Cogs cropped 2 - Six key principles

This week we have a guest blog from Lars Tewes, MD of SBR Consulting. SBR Consulting is a sales transformation consultancy that works closely with consultancy owners to increase revenue by liberating sales potential within their practices.

Many consultancy owners start out as specialists in their fields, yet when they set up a business their responsibilities change. In order to ensure the growth of the company, they need to be involved in the sales side. Whether it is being the main person responsible for winning business or overseeing the consultants, this is an uncomfortable step as they often do not see themselves or their consultants (billable deliverers) as salespeople. Let’s look at how this may be affecting your business and how to overcome this prohibitor.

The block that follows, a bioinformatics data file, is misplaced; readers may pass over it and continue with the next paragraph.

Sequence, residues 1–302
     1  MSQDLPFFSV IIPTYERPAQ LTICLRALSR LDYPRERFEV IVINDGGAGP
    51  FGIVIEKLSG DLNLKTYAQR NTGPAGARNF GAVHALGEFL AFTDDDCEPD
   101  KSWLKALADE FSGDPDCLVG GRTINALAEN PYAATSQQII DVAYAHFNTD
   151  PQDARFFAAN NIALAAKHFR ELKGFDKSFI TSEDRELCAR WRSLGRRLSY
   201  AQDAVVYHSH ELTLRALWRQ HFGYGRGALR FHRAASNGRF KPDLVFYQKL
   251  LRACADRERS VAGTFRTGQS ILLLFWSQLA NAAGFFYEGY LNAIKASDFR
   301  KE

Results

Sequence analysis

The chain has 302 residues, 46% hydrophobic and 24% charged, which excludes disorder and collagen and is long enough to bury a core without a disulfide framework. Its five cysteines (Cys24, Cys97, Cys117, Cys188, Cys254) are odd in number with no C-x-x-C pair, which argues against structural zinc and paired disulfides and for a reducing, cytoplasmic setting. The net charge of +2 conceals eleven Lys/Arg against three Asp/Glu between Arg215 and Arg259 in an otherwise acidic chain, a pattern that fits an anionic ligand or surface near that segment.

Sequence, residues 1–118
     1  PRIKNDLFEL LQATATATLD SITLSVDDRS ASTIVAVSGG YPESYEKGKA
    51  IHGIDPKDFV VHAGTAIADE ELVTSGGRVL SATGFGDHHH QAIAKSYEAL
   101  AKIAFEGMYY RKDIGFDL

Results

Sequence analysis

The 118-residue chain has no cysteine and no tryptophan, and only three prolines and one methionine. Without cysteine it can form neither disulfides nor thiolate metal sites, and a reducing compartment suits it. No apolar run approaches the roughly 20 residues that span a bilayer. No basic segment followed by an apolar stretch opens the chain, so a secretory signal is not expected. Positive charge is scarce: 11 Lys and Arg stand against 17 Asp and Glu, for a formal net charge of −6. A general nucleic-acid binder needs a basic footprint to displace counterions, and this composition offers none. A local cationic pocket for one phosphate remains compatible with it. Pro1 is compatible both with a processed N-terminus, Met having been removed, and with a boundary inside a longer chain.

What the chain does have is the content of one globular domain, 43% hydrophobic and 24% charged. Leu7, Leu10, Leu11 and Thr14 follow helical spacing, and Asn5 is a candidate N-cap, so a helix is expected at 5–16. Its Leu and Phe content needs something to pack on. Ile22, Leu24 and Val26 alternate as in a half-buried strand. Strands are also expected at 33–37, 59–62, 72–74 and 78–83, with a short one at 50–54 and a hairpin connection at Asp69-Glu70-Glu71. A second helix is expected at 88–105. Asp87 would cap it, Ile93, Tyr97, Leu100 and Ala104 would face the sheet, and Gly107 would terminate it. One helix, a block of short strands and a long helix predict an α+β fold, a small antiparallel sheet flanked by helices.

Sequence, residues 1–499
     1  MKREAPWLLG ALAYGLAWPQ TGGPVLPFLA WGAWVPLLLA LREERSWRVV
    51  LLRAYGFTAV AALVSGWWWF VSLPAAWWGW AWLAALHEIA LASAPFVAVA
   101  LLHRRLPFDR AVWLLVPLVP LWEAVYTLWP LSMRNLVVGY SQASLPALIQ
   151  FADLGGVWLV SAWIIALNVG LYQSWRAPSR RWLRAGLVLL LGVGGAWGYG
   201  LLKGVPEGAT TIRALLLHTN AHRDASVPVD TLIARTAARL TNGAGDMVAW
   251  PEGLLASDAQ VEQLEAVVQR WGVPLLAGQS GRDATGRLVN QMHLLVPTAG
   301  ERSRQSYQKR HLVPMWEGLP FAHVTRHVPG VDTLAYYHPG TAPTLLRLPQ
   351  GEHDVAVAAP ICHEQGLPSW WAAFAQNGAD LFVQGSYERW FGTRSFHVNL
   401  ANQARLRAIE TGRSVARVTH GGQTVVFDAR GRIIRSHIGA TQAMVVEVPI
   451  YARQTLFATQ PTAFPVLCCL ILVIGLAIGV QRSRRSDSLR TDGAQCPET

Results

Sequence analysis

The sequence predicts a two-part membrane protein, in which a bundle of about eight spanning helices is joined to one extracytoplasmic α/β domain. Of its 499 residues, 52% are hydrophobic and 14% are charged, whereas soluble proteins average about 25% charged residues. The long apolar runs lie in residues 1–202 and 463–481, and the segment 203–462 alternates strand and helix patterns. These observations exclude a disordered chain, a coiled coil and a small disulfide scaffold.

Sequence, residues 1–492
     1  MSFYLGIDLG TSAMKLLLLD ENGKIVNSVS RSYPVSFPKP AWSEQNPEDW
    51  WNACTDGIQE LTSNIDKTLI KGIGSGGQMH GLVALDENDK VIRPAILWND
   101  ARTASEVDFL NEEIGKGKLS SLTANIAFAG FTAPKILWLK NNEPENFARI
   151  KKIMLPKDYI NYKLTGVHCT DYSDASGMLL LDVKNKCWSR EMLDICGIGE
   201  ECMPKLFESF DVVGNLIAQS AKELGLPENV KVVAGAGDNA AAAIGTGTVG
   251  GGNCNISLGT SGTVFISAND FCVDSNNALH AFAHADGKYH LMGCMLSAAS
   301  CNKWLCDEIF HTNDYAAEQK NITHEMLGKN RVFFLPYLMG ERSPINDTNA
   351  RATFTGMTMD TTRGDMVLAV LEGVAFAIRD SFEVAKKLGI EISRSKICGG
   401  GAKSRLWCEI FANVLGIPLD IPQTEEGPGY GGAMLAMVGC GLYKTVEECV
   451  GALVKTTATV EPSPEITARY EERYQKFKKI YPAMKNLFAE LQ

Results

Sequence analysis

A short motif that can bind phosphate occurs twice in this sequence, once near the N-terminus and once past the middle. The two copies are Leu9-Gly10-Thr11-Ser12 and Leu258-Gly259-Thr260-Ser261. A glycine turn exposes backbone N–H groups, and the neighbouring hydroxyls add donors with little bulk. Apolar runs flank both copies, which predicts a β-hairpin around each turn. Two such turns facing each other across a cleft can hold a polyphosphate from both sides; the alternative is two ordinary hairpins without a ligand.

When we’re born, we don’t have any perception of sales but then something happens! Many of us experience bad selling tactics: a salesperson attempts to convince you to buy something you don’t want, being pitched when you’re not even the right person to talk to, being lied to about the facts needed to make a decision; talking at you without listening to what you want, etc. Equally, there are impressionable films depicting salespeople in their worst state of money-making greed such as, “Wolf of Wall Street” and “Glengarry Glen Ross”. You turn on the TV and see comedians caricaturing a salesperson as looking in the mirror and saying things like, “I’m a tiger!” We watch programmes like “The Apprentice” which seem to bizarrely endorse forceful selling tactics and unrealistically high-pressure environments.